In his address at the annual general meeting of the Mowbray-based Western Cape Cerebral Palsy Association, on Thursday September 15, chairperson Noor Osman noted that managing a non-profit organisation has never been without challenges, but that in the current South African economic climate, the challenges have been greater than ever.
Reliant on both government funding and the goodwill of corporate and individual contributors, the downturn in the South African economy has resulted in a substantial reduction in the funding available to NPOs.
“Despite the ongoing funding challenges in the NPO sector, the WCCPA continued to provide much needed rehabilitation, care and support services to children and adults with cerebral palsy,” Mr Osman said.
The milestones achieved during the year under review included 2 555 therapeutic rehabilitation sessions to 1 563 children at the WCCPA’s cerebral palsy clinic, and 28 children with severe to profound physical and intellectual disabilities attended the special education and care centre, De Heide.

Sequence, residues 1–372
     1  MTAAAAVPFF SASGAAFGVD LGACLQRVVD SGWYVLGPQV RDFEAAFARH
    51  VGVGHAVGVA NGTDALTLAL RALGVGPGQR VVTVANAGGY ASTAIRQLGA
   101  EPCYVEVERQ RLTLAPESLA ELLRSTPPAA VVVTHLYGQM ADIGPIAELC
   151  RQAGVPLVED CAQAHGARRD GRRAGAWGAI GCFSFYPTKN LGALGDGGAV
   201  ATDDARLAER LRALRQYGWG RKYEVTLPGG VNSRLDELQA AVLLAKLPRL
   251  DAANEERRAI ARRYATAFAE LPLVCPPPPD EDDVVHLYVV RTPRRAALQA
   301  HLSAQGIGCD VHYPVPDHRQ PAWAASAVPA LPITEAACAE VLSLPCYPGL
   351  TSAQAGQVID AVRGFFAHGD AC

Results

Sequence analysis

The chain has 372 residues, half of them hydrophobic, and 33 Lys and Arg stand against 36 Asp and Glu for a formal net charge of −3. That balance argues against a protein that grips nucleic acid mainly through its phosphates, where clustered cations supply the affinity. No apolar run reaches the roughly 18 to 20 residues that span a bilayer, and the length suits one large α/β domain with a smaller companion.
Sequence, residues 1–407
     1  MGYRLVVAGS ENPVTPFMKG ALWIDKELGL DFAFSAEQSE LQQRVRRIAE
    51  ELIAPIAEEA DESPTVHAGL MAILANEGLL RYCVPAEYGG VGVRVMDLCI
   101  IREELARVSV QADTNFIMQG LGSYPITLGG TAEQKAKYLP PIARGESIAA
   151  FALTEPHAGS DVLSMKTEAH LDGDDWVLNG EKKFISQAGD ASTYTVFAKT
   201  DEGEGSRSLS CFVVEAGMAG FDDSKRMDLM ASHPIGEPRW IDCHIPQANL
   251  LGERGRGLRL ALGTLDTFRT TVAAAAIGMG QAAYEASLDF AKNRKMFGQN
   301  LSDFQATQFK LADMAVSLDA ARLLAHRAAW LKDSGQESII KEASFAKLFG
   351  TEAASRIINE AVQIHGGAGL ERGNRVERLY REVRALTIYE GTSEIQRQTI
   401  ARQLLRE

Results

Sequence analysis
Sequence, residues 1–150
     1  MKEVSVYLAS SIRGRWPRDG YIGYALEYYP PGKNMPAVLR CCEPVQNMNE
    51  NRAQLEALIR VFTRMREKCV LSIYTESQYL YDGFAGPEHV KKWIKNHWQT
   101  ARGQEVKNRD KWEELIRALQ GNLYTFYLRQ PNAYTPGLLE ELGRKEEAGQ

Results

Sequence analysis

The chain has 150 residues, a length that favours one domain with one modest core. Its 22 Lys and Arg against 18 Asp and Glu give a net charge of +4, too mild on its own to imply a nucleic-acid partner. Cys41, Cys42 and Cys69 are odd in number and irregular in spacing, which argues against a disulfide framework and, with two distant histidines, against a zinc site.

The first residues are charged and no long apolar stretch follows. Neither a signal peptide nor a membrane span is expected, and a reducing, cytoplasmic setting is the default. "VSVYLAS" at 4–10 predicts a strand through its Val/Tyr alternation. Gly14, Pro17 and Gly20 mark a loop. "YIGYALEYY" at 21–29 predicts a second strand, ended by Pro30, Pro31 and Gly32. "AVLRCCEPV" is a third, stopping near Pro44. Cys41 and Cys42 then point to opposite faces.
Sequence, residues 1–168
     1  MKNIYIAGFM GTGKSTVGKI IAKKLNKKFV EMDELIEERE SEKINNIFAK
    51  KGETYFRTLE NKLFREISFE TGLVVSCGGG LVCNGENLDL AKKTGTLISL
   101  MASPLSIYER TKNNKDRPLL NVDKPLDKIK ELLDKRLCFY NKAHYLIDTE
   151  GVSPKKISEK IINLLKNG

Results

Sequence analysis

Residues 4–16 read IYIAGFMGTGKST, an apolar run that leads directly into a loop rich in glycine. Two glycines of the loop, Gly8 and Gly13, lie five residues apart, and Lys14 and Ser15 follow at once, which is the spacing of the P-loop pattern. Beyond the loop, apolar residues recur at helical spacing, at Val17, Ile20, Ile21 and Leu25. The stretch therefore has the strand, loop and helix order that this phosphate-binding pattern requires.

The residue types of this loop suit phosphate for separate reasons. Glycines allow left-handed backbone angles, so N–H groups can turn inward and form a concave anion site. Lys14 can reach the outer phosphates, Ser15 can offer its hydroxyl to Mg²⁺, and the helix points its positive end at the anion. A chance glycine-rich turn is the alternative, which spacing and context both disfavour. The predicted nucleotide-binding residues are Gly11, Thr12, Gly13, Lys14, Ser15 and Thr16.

In addition, 526 families of adults and children with cerebral palsy received counselling and support, 55 adults with cerebral palsy continue to be cared for at Rosedon House, 92 adults with cerebral palsy were provided with access to employment and rehabilitations services and 32 adults attended a daily occupational programme.
“Traditionally the WCCPA rehabilitation services were facility-based but during the past year, the association embarked on a community and home programme where nine families in the Hout Bay area continue to be assisted. The WCCPA envisages rolling this programme out to other under resourced areas in the Western Cape.”
Mr Osman said it was an ambition of the WCCPA to make a real and lasting difference in the lives of people with cerebral palsy who require support, assistance and care.
If the public has any questions about cerebral palsy; the services provided or want to know how they can be of assistance, contact the WCCPA head office on 021 685 4150.